While their sample size was very small compared to the Pew sample, some of the differences were striking. Indeed, among their own friends, Facebook was a distant third to Instagram and Snapchat in terms of social media use.
After several sessions in which we suggested questions, participants struck out on their own, choosing their own investigations for a final project. During the last two-hour session, they explored the variables they found particularly interesting and chose a graph that showed a relationship that made sense to them. They then built a final presentation by adding explanatory text to the graph. Several participants chose to include the comparison between the online data (Pew) and their own data (Malden), as well as continuing to investigate gender differences. The final project illustrated in Figure 4 investigated how teens talk to their closest friend, looking at differences between the Pew and Malden data as well as differences across gender. The text bubbles were added using the text function in CODAP.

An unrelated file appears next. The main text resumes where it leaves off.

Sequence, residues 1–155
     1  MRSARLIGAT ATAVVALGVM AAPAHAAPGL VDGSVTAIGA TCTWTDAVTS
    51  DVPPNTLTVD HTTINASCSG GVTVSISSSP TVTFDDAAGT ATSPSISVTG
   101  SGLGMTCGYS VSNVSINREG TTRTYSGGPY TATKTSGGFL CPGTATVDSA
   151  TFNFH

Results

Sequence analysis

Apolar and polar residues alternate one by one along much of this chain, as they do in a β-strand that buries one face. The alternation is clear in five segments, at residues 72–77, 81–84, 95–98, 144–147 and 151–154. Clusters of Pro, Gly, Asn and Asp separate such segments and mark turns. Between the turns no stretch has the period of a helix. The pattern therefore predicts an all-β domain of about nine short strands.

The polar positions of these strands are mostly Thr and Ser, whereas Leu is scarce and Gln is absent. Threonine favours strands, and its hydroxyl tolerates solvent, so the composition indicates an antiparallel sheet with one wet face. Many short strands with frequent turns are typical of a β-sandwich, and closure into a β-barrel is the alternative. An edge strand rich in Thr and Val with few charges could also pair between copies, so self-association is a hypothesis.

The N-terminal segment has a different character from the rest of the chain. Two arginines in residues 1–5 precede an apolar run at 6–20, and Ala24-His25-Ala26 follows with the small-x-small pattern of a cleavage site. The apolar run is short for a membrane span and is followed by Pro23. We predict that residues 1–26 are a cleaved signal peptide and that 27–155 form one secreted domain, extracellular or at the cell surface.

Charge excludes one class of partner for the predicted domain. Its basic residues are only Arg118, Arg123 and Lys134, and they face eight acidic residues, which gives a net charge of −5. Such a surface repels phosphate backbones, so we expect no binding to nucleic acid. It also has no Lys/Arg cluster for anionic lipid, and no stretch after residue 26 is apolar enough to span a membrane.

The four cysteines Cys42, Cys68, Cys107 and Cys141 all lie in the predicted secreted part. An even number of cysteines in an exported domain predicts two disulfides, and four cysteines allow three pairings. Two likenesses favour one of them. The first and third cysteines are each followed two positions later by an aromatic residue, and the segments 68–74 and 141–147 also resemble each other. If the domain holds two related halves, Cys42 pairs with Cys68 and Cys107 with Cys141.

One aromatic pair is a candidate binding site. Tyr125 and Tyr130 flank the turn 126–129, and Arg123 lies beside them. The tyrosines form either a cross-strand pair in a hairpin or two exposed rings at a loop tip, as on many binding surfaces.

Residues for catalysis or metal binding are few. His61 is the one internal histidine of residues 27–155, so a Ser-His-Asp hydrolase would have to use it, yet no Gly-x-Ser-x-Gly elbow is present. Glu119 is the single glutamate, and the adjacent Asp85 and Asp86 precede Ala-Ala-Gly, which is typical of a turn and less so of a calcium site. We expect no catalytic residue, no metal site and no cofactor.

In the Summer of 2019, we'll be offering a second Data Clubs module in Malden using data on the occurrence of Lyme disease and other tick-borne illnesses. Data includes stateby- state rates of Lyme disease from the Centers for Disease Control and a variety of climate variables such as summer high and low temperatures and annual rainfall. Students will explore where Lyme is increasing and what environmental factors might be related to this phenomenon. We will also be trying out new instruments to assess participants' dispositions toward data analysis and their understanding of basic principles of data science.
Andee Rubin is a mathematician and computer scientist at TERC who has been combining expertise in technology design, math education, and artificial intelligence to improve math and science education both in and out of school for over 30 years. This work was supported by National Science Foundation award DRL-1742255. The author gratefully acknowledges other members of the Data Clubs team: Tracey Wright and Traci Higgins at TERC, Jan Mokros (co-PI) at Science Education Solutions, Meggie Harvey, Christine Voyer, and Leigh Peake at the Gulf of Maine Research Institute, and Elizabeth Osche at PERG.
Watch Andee present her findings at https://bit.ly/2U0kxZl